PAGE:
COLUMBIA, S.C. – Attorney Tom Mullikin has been named associate professor at the Universidad San Francisco de Quito in Ecuador (the school’s Galápagos Islands campus) where he has served as a regular lecturer since 2015. The new professorship, awarded this month, comes on the heels of his also-new adjunct professorship at the Charleston School of Law where he teaches a course on environmental law.
Mullikin has for years served – and continues to serve – as a research professor at Coastal Carolina University. His new professorship in the Galapagos won’t alter his travel or obligations elsewhere.
“I’ve been teaching at the Universidad San Francisco de Quito for the past four years,” says Mullikin. “That won’t change, nor will my other teaching responsibilities. In fact, my experiences at one institution will only serve to enhance student learning at another.” Continue reading “South Carolina attorney awarded associate professorship at top Ecuadorian university”
By Alex Junes-Ward
COLUMBIA, S.C. — The South Carolina Floodwater Commission will hold its third quarterly statewide meeting at Cheraw State Park on Mon., Aug. 26, presenting its first set of recommendations – submitted by the Commission’s 10 task forces – on how best to mitigate the impacts of disastrous flooding going forward.
The meeting will begin at 5:00 p.m. with initial findings revealed and recommendations explained, followed by a Q&A session.
“I am proud of the work of the S.C. Floodwater Commission and of its dedication to providing practical, forward-thinking recommendations to protect our people and prosperity,” says S.C. Gov. Henry McMaster, who established the Commission in Oct. 2018. “These recommendations will provide a roadmap for our state to follow as we endeavor to address extreme weather events this year and into the future. Working together, we will show the globe that South Carolina is a world leader in water management.”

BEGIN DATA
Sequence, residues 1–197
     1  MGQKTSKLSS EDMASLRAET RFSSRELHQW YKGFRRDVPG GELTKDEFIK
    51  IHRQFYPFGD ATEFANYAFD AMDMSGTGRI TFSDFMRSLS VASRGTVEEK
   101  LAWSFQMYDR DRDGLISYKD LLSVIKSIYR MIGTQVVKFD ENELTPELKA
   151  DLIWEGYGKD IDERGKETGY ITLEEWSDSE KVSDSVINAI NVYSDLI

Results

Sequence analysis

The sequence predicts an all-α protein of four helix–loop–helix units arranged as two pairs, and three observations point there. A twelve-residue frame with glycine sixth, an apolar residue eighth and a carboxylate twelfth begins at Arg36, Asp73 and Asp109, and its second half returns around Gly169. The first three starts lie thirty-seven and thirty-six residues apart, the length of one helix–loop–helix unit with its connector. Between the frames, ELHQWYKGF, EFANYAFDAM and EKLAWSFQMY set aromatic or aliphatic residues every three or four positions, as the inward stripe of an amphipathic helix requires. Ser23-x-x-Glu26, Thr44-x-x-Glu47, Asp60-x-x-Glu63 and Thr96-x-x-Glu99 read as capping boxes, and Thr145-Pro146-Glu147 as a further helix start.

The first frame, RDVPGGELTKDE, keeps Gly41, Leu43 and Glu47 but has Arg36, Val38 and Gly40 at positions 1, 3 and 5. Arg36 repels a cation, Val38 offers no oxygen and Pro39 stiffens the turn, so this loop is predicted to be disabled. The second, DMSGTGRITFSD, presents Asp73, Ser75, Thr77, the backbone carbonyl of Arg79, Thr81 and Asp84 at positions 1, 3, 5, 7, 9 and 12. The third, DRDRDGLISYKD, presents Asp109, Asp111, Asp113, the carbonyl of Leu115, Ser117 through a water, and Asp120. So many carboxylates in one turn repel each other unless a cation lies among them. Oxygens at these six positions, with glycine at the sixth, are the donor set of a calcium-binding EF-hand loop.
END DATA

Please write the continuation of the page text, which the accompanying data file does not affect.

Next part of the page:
1942: While Japanese reinforcements depart Truk to join the fighting on Guadalcanal, American P-40 Warhawks with the 49th Fighter Group shoot down 15 Japanese fighters and bombers attempting to target the air base in Darwin, Australia.
1944: When Gen. George S. Patton’s Third Army reaches the Seine River, Adolf Hitler orders Gen. Hans Speidel to destroy all bridges in Paris – which Speidel ignores, as well as another order days later to target Paris with V-1 buzz bombs and V-2 rockets. Speidel’s garrison will surrender in two days and the 28th Infantry Division will parade through the streets of Paris, ending four years of Nazi occupation.
300 miles to the west in Brittany, Staff Sgt. Alvin P. Carey spots an enemy machinegun nest 200 yards up a hill that is pinning down his soldiers. He grabs as many grenades as he can carry and has his soldiers cover him, then crawls up the hill. Carey shoots a German soldier on the way up, then begins hurling grenades at the enemy position – drawing the machine gunners’ fire. Although mortally wounded, he still manages to hurl a grenade right on target, killing the crew and knocking their guns out. Carey is posthumously awarded the Medal of Honor. Continue reading “Today in U.S. military history: C-130 Hercules turns 65”